In the first of a two-part series on adapting England Netball’s volunteer strategy to Covid-19, Laura Elson shares her reflections on strategy development
This is a time that many of us never imagined we would experience in our life time. Life feels different with many unknowns. In December 2019 England Netball launched its first ever Volunteer Strategy. A huge signal to the estimated 26,000 netball volunteers that as a sport, they value the volunteers that help make netball happen and have a vision to improve the landscape in partnership with them.
We have given them the opportunity to stop and reflect on the journey so far and role a volunteer focussed strategy can play within an organisation. This is only really the beginning of their journey, but they highlight what they call ‘silver linings from this grey COVID cloud’. Increased volunteer engagement, openness to try new things, revealing digital skills they never knew existed and a clear and common sense of purpose to ensure they can return to court when the time is right and it is safe to do so.
Laura Elson (Consultant and former England Netball Volunteering and Governance Manager) played a big part in the development phase of the Volunteer Strategy and she will begin:
PART 1: A netball volunteer strategic story: pre-launch reflections
When is a strategy not a strategy?
Often what we call strategies are plans with a budget. This is still useful especially if time and resources are tight, but there are some key differences that make a strategy much more than a document on a shelf. A plan uses some internal data to describe what an organisation will do with its volunteers. A strategy is a roadmap co-designed with volunteers that uses rigorous internal and external insights to describe what volunteers will achieve.
A true strategy is about listening to the breadth of your volunteer movement, identifying the main groups within it, their diverse motivations, and the roles they play in your organisation’s purpose. For most organisations volunteers outnumber paid staff in such vast numbers that activating them is crucial to meeting your overarching goals. So a good volunteer strategy sets out how volunteers achieve your purpose, not how the annual awards will be run or what to budget for T shirts.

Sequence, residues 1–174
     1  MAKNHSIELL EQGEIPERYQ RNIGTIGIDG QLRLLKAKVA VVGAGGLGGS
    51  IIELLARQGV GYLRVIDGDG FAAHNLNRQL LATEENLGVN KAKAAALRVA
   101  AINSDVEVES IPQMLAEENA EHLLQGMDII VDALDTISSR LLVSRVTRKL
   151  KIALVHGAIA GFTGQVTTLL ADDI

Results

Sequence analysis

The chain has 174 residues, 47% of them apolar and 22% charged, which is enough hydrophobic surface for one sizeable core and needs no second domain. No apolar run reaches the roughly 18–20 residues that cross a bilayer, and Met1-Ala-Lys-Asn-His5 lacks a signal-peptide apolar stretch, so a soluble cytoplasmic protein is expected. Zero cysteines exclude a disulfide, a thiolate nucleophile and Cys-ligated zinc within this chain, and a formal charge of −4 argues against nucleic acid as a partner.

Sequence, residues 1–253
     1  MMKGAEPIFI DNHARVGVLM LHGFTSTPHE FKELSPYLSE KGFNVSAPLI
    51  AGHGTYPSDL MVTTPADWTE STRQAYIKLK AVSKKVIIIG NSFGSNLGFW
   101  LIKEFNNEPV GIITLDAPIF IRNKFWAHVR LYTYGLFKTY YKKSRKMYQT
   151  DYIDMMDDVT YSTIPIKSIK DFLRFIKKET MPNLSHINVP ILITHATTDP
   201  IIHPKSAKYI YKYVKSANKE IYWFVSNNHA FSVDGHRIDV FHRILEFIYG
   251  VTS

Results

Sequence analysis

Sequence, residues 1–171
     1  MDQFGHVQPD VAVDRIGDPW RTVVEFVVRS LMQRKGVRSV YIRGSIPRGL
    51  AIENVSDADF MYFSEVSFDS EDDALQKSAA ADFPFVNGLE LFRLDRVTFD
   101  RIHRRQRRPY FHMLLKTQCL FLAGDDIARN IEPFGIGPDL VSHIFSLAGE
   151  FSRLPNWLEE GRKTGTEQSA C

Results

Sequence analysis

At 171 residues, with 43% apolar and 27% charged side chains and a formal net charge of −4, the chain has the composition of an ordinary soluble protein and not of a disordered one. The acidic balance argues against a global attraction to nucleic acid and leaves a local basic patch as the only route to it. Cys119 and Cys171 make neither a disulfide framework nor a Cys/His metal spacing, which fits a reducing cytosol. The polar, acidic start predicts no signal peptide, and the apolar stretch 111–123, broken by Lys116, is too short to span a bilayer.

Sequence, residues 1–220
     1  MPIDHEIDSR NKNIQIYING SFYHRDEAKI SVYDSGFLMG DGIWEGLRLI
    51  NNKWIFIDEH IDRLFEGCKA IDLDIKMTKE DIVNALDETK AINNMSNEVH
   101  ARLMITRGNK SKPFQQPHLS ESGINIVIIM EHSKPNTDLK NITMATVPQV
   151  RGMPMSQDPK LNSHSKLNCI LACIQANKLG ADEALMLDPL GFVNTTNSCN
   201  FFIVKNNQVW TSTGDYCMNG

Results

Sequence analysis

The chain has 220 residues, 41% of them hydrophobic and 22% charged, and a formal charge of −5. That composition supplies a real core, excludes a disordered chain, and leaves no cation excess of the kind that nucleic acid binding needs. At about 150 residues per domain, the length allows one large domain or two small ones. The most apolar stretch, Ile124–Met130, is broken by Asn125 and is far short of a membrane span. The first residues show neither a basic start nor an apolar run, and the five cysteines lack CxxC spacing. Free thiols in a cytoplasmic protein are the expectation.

Strategy development techniques
Invest in the process
We spent almost two years working through a series of research steps to gather the data we wanted to use. England Netball also chose to hire an external consultant to lead the process of gathering data and consulting volunteers.
Women in Sport were commissioned to conduct a segmentation analysis, with their focus groups identifying six communities of motivation within the wider netball community. This showed us we had six segments or “hearts” of volunteers who have different motivations but are all united by their ultimate reason for getting involved – because they love netball.
Other player analysis
It’s easy to just look around and borrow from other organisations. This is a bit of a trick though, and what’s unique about your movement often won’t translate for another organisation. We held structured interviews with leaders of volunteering across sport but also with national charities and women’s organisations. 90% of netball volunteers are women, and we actually learned the most from Girlguiding and the Women’s Institute.
Internal and external analysis
Volunteers out number staff 200 to one in netball and their contributions underpin whether we meet those our goals. We started with our overarching strategy and ensured we used those goals, as did other departments such as Officiating and Coaching (who are also predominantly volunteers.) Sport England and NCVO also provided us with insights so that we could consider the national volunteering landscape too.
We compiled data from thousands of volunteers via our annual survey, the Big Netball Conversation.
Alongside all this was the best bit of my job, travelling around the nation over 18 months and meeting hundreds of volunteers in every region and every role.
Yes, this is a huge investment of time but it’s crucial. Questions were asked at regional and county meetings, focus groups were held at national conferences, people who had stopped volunteering were phoned to mention some of the activities. This enabled us to be clearer about what the groups and themes we identified meant in real terms.. Second it enabled movement building, the more volunteers we involved the more ownership, partnership and respected our movement felt.
Laura Elson is Consultant specialising in volunteering strategy and development, fundraising and governance with an MSc from the Centre for Charity Effectiveness. Laura is a member of AVM, volunteers as a trustee at Getting on Board, the national trustee recruitment charity, and Bramley Elderly Action. She also volunteers with the Institute of Fundraising, Small Charities Coalition, and her local food bank. But her favourite volunteering role is as player/kit secretary at Carr Manor Lightning Netball Club in Leeds, where she holds the title of the shortest Goalkeeper in the league.